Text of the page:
It’s Not a Costume: Wearing Masks After Transplant
Last year, I wore a black face mask every day during the month of October. People stopped me on the street to guess my costume. I wasn’t posing as Hannibal Lecter, Batman’s Bane, or Darth Vader, though passing strangers delighted in rasping, “I am your father.” I wasn’t trying to look like a ninja or a Mortal Kombat character either. Three months post-heart-lung transplant, I had no interest in drawing attention to myself.
Having undergone a life-altering procedure that would remodel my ribcage for several months, I already felt like I didn’t belong in my own body. Now I didn’t belong in the neighborhood I called home. I live in the vibrant Castro district in San Francisco; locals and visitors alike don all sorts of costumes without ever getting a double-take. One man hangs around with nothing but a gold sock covering his genitals, often enough for my Lyft drivers to shrug and say, “Oh, yeah. That guy.” And yet, I had someone shout, “Boo!” at me, a barista roll her eyes telling me a cup of coffee would be “hard to drink with that mask on,” and a homeless woman point toward the Wells Fargo suggesting I would “feel better if you go up there and rob them.”
I want to be able to write that after all that I went through – all the far more humiliating moments I had while hospitalized, with slowly draining chest tubes and constipation from a slowly emptying stomach – I am unfazed by comments from clueless strangers. But I felt robbed of normalcy each time. I told myself the experience would help me practice empathy, that every tactless comment was fodder for my memoir.
Though my sister and I laugh about the time a man stumbled when he passed me on a hike, and the time another man tripped down a few stairs when he took a second look at me (Really, men are falling for me all over the place!), wearing a mask adds to my already robust social anxiety. I prefer going to gyms over parties because I don’t have to shout for people to hear me. Some people think I’m wearing an elevation training mask, or that I am sensitive to the loose chalk that permeates rock-climbing gyms. My mask may hide my smile at parties, but it also hides the unbecoming facial expressions I make when I’m struggling on a bouldering problem.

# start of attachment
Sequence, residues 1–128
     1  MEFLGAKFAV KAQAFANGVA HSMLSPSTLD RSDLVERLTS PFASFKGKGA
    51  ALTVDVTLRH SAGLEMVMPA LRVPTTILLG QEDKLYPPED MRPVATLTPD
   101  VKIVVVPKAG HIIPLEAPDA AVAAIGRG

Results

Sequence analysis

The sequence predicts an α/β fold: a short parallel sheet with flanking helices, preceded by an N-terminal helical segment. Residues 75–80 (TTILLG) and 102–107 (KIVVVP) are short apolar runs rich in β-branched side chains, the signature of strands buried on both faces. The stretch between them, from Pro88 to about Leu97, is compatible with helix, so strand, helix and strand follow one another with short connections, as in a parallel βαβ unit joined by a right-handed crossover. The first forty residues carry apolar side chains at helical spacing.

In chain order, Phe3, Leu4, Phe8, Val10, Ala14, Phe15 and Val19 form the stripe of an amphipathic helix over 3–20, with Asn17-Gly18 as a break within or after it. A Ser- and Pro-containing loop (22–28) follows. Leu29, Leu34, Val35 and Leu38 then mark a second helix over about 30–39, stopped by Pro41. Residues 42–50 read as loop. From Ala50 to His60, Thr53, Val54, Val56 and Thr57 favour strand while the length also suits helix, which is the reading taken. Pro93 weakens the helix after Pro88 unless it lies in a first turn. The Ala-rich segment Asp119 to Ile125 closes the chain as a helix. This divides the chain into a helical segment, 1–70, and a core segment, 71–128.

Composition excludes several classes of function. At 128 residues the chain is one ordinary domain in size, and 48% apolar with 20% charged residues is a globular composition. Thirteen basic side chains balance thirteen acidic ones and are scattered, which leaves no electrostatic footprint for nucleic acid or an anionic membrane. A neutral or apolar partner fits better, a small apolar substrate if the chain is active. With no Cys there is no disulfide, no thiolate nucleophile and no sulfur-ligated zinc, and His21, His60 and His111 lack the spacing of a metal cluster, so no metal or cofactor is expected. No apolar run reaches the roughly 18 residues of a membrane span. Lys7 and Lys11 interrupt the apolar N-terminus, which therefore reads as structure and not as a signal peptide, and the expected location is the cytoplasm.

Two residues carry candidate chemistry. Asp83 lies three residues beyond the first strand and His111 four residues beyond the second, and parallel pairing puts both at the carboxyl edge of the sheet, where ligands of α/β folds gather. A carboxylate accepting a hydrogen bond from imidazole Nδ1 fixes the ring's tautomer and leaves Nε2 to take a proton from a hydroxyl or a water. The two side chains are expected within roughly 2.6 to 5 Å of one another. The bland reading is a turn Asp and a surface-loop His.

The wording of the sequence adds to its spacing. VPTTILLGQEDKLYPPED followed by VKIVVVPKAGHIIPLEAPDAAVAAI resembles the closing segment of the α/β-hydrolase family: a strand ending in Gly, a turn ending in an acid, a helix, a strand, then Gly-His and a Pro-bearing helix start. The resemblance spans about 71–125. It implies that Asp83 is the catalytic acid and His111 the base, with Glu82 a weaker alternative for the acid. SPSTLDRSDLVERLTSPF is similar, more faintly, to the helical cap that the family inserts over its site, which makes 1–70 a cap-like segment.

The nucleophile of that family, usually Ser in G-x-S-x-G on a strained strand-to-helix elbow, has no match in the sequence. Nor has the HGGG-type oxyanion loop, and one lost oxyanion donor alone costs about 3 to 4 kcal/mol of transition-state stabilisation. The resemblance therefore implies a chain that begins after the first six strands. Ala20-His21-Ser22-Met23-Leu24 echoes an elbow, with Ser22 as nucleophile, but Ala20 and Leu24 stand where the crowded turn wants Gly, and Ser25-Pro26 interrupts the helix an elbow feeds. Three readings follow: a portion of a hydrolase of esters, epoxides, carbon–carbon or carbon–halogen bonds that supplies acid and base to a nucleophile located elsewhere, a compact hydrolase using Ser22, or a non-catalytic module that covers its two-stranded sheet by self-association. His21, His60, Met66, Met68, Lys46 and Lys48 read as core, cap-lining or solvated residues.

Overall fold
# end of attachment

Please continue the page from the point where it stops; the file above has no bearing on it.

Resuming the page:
Now that my transplanted heart and lungs are a bit older (and a bit more mine), I wear masks less and less. I’m on lower doses of immunosuppressants and therefore less prone to infection, so I mainly wear masks on public transportation, in hospitals, and at the gym. I notice how different I feel leaving my house without fear of people stopping or staring at me, ordering my coffee or interacting with a salesperson without a physical barrier between us.
Last week underscored the reason I wear masks. They are one of few forms of protection I have in a life replete with risk. All the stares in the world are worth the peace of mind that I am protecting my lungs from infection. My P100 and N99 masks filter particles in the air, and have proved an effective way to train me to stop touching my face. With wildfires severely impacting air quality throughout California, and especially the Bay Area where I live, I’ve seen dozens of other people wearing masks around the city. I went from being an outsider to being a paragon of preparedness.
With the holiday falling on a Monday, I was in the thick of the Halloween festivities when I took my dog for a walk in the Castro neighborhood Sunday night. “I like your costume!” someone hooted. I grumbled “Thanks,” but later it occurred to me that I should have said “I like yours, too,” since we were both in street clothes. I wanted so badly to pass for normal and efface myself from public view. My mask made that impossible, and rightfully so, as masks were not the norm.
This October, I’m not the only one wearing a filter mask. I wish deadly fires had not sparked this trend toward normalization, but seeing more education about types of masks and their applications gives me hope for refuting the misconceptions I’ve experienced. I find silver linings in the midst of disaster: learned empathy and, as always, writing material.
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